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AARP-Backed Law Will Limit Insulin Costs in Oregon

Vial of insulin injection with a syringe on black table and stainless steel background.
Bernard Chantal/Getty Images

En español | Most Oregon residents with diabetes will see lower out-of-pocket costs for insulin next year, under a state law signed by Gov. Tina Kotek and supported by AARP.

The law, which takes effect Jan. 1, requires state-regulated insurance companies to cap the cost of insulin, which regulates blood sugar, at $35 a month, or $105 for a 90-day supply. Oregon had previously capped insulin costs at $75 and $225, respectively. Under the new law, insurance companies will no longer be allowed to raise the limit with inflation.

“The law will make this lifesaving drug more affordable and accessible, and we applaud this effort,” said Andrea Meyer, AARP Oregon government relations director.

Diabetes is one of the most common chronic diseases and the eighth-leading cause of death in the United States, according to the Centers for Disease Control and Prevention. High prices have forced many to ration their insulin doses or go without their drug, Meyer said in testimony for the legislation in February.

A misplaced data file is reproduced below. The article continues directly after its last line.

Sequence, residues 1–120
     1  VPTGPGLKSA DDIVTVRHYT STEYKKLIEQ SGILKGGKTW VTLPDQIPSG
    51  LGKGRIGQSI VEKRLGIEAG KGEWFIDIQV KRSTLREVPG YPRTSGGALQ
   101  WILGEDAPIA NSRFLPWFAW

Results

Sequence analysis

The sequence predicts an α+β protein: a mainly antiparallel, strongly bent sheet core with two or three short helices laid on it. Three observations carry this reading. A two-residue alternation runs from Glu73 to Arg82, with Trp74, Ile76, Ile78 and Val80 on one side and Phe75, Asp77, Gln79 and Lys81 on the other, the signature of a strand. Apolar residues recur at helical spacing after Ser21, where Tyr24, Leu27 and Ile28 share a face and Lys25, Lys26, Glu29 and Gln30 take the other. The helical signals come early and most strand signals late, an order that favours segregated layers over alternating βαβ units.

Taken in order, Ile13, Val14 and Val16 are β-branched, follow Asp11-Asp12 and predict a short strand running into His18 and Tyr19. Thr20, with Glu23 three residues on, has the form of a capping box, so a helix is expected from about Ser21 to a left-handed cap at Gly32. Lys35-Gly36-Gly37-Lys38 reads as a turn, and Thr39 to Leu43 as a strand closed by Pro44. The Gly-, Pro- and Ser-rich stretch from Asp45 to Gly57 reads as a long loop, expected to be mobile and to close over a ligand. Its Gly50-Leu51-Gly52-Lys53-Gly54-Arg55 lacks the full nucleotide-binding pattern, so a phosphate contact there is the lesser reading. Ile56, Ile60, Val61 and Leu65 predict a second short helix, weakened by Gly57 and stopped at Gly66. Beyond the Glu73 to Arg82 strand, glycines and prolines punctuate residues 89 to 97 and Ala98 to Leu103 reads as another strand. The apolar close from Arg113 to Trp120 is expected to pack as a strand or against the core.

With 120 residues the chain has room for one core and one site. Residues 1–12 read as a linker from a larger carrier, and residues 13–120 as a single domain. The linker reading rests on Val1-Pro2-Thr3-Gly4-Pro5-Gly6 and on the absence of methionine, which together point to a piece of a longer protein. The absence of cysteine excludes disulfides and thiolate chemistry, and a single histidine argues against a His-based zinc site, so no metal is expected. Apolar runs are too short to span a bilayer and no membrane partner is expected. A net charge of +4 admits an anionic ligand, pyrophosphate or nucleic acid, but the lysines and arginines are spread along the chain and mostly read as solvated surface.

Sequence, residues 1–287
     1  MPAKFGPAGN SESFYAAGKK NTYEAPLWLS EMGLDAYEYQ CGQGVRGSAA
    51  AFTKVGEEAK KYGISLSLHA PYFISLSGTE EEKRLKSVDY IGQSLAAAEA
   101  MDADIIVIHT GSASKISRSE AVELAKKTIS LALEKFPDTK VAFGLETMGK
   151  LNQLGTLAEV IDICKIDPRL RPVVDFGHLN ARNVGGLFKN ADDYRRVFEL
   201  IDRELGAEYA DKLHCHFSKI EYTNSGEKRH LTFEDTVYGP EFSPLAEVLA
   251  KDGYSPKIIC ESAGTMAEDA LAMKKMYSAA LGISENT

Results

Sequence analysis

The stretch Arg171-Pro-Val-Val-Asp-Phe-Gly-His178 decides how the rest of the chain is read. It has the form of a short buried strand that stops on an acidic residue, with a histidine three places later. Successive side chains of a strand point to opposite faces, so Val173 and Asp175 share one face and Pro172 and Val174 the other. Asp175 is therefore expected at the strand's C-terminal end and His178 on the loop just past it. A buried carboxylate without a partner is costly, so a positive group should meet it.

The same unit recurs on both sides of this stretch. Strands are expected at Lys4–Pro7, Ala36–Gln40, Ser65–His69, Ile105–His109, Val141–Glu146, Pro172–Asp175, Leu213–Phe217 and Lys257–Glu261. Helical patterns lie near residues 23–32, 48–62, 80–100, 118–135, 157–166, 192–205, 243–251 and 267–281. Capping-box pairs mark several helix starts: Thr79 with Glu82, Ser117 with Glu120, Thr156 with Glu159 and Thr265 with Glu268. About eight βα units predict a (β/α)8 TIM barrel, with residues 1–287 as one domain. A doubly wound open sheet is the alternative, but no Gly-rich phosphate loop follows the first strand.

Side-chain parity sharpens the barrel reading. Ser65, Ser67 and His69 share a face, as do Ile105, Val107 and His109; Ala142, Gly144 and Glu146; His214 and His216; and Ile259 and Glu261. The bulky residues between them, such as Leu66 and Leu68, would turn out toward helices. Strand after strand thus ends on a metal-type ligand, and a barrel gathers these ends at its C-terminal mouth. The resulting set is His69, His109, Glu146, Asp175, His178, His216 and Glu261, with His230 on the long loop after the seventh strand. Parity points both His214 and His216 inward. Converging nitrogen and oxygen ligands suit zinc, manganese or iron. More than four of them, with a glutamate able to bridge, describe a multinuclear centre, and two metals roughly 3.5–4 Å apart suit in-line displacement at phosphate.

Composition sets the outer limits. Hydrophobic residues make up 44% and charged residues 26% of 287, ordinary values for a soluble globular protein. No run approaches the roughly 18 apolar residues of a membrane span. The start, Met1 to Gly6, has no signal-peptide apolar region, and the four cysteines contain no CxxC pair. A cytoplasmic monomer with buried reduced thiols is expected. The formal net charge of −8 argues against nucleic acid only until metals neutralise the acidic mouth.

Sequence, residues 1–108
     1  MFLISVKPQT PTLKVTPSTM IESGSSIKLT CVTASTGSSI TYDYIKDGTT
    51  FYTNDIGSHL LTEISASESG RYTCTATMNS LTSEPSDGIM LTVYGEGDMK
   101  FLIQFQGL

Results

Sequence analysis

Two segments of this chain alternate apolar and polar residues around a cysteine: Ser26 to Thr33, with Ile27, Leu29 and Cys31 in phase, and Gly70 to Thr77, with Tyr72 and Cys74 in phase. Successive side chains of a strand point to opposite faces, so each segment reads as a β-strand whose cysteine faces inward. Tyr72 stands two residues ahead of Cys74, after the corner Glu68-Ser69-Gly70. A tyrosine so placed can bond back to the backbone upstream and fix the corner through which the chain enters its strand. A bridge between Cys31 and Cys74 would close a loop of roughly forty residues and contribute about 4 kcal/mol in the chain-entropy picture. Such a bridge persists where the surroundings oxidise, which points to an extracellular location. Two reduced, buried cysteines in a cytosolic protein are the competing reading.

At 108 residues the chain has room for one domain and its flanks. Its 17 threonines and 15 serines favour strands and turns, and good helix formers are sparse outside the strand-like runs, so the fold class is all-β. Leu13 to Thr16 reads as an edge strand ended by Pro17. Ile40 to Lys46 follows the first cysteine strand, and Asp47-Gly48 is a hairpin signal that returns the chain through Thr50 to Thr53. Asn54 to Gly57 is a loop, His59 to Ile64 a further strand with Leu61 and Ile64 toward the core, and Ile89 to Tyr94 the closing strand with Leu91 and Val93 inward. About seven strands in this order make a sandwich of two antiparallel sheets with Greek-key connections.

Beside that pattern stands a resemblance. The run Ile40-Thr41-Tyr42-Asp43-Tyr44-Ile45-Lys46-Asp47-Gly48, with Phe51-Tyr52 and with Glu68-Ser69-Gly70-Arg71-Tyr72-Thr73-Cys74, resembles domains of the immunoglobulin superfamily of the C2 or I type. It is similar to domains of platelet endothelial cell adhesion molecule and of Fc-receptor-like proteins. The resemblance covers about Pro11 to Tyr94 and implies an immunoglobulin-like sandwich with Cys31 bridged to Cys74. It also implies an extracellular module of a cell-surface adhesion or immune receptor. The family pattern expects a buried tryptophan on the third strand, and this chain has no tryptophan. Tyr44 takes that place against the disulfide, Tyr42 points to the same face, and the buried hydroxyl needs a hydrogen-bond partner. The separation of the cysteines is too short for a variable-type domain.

Twenty-six states and Washington, D.C. have passed laws to rein in insulin costs. AARP has been fighting for similar laws in states across the country, and has helped pass insulin cost caps in West Virginia, Nebraska and other states.

The state’s new lower cap will put private insurance companies more closely in line with Medicare, which caps out-of-pocket costs for insulin at $35 a month for Part D enrollees. Medicare’s insulin cap was included as part of a 2022 federal law designed to lower prescription drug costs, which AARP also championed.

Keep up with our advocacy work in Oregon, and learn more about how AARP is fighting to lower prescription drug costs.

Natalie Missakian covers federal and state policy and writes AARP’s Fighting for You Every Day blog. She previously worked as a reporter for the New Haven Register and daily newspapers in Ohio. She has also written for the AARP Bulletin, the Hartford Business Journal and other publications.

Also of interest:

10 Prescription Drugs With Excessive Price Increases
Millions on Medicare to Save Money From $2,000 Rx Cap
FDA Allows Florida to Import Prescription Drugs From Canada

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